Judge Dredd is on the cover of issue 105 of 2000 AD. This comic book came out way, way back on 24 March 1979. The cover is a scene from this week’s story where a hideous and insane tyrant is manufacturing fake news. With Trump in the White House, it is so timely it is a little spooky. This cover is by Brian Bolland, even though the interior art on the story is by somebody else, which has become the standard way for Bolland to work. He first gained acclaim for his work on Judge Dredd, followed by Camelot 3000. These books are among the few in which Brian did the interior art. His covers on DC books such as Animal Man, Robin, The Invisibles, and Wonder Woman have won him numerous awards. He has also illustrated the covers for Vertigo’s Jack of Fables, DC’s The Last Days of Animal Man and Will Eisner’s The Spirit. In 2010, he did the variant covers for DC’s Zatanna series and then Dial H in 2012.

Before opening this comic book up I’ll just take a quick moment to plug one of my sci-fi novels. Don’t worry, we will return to musing on ancient British comic books in a moment.

Galaxy Dog (Dark Galaxy) Start Reading the Dark Galaxy Trilogy

The first book in the Dark Galaxy Trilogy, always the best place to start, is Galaxy Dog. It’s a little more old-school and fun than a lot of the sci-fi that is around at the moment. It has spaceships, robots, battles, and brave warriors rebelling against an evil empire. Click the book cover and go to the storefront you prefer to buy it now, or follow this link.



The Judge Dredd strip is the first story presented this week. The story is drawn by Brett Ewins who has a style that suits the horror elements this week. Ewins passed away a couple of years ago, which makes looking at his art quite moving. This week, Cal (the Trump like dictator) punishes one of his minions by having them pickled by his pet space alligators. I prefer my Judge Dredd to be its usual sci-fi self, but the kind of suspense and psychological horror we get this week works for me too. Stylistically, Judge Dredd has been all over the map recently, which is strange for the most popular character in the whole comic book, and you would think 2000 AD would know what they wanted him to be. You would expect them to be more disciplined about presenting a consistent story, but they were still getting to know the character, even after over 100 issues.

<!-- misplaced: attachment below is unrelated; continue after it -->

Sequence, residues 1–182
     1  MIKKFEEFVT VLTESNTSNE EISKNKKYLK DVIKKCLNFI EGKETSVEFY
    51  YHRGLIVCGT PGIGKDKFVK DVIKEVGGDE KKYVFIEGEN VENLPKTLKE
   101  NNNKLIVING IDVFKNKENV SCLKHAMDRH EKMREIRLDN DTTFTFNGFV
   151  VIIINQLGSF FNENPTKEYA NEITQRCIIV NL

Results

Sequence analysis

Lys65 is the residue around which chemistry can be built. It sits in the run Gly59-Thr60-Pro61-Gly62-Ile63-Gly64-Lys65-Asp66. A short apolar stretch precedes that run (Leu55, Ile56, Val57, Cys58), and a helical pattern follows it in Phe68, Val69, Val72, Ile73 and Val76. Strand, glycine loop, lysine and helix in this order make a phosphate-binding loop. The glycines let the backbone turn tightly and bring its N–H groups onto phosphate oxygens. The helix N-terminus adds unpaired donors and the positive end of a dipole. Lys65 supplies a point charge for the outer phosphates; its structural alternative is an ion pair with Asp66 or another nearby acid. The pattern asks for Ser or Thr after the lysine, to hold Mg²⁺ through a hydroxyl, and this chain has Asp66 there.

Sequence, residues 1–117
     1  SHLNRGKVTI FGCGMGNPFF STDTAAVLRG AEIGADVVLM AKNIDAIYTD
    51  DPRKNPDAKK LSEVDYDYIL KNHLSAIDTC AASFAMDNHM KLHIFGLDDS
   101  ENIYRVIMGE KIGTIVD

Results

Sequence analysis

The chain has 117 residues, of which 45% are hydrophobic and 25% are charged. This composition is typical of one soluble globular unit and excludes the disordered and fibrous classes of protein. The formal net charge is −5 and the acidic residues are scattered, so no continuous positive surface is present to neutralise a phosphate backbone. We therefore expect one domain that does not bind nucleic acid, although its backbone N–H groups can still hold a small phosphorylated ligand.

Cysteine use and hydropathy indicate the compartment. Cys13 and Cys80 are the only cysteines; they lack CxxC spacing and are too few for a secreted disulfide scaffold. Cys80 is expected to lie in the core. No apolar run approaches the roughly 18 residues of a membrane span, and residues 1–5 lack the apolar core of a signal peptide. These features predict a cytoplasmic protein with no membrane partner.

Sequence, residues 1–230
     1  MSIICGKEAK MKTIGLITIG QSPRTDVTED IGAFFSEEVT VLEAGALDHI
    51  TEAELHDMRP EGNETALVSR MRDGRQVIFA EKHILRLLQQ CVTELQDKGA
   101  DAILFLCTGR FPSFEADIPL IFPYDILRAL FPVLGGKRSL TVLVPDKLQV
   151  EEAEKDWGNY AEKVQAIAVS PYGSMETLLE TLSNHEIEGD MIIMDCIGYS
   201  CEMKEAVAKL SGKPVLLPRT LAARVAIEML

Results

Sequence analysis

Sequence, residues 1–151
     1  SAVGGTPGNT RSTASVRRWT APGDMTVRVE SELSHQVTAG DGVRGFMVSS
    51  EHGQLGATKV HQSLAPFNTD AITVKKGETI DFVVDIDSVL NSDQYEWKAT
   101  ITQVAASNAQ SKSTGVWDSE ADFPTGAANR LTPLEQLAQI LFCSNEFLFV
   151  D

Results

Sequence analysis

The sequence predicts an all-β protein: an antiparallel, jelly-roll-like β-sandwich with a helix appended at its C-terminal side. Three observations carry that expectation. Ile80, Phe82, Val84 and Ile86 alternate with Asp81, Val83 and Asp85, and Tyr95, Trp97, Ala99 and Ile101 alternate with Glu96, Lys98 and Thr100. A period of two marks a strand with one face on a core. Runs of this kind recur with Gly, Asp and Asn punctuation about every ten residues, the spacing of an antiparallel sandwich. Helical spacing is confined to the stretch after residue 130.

Robo-Hunter is the next strip and I am not a fan of its broad antics, and it doesn’t help that the offensive rabbi robot from last week is still hanging around. The artist, Ian Gibson, is so talented, but he is wasted on this rubbish. He is so confident at shading and designing technology, suggesting it with just a few strokes of the pen, that it is annoying to see such talent wasted on a “humorous” comic strip.


Strontium Dog is the next strip and it is not much more than a beautifully drawn, extended, and frenetic fight scene this week. This story will go to some strange places over the coming weeks, but it already has a great bad guy in Fly’s-Eyes.


Dan Dare is next, and as usual the art is the best thing about this strip. Just look at this gorgeous Alien Swamp Complex. It turns out this complex is like Lourdes and the Mekon (the bad guy who has brain washed our hero, Dan Dare) needs to visit it in order to heal and rejuvenate.